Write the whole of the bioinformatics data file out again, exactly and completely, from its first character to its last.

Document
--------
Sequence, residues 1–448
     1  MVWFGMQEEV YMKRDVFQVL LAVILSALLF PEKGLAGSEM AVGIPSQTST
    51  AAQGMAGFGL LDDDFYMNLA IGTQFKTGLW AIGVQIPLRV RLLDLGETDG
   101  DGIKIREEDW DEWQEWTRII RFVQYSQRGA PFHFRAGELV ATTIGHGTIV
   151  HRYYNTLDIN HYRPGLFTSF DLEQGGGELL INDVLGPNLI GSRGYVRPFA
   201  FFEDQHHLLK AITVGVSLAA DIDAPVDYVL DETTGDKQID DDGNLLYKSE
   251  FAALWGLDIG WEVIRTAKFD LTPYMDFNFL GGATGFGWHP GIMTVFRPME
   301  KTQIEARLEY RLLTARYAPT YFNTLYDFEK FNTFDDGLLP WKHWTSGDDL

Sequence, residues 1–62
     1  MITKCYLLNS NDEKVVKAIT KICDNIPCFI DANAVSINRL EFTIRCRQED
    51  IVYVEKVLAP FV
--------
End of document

Sequence, residues 1–448
     1  MVWFGMQEEV YMKRDVFQVL LAVILSALLF PEKGLAGSEM AVGIPSQTST
    51  AAQGMAGFGL LDDDFYMNLA IGTQFKTGLW AIGVQIPLRV RLLDLGETDG
   101  DGIKIREEDW DEWQEWTRII RFVQYSQRGA PFHFRAGELV ATTIGHGTIV
   151  HRYYNTLDIN HYRPGLFTSF DLEQGGGELL INDVLGPNLI GSRGYVRPFA
   201  FFEDQHHLLK AITVGVSLAA DIDAPVDYVL DETTGDKQID DDGNLLYKSE
   251  FAALWGLDIG WEVIRTAKFD LTPYMDFNFL GGATGFGWHP GIMTVFRPME
   301  KTQIEARLEY RLLTARYAPT YFNTLYDFEK FNTFDDGLLP WKHWTSGDDL

Sequence, residues 1–62
     1  MITKCYLLNS NDEKVVKAIT KICDNIPCFI DANAVSINRL EFTIRCRQED
    51  IVYVEKVLAP FV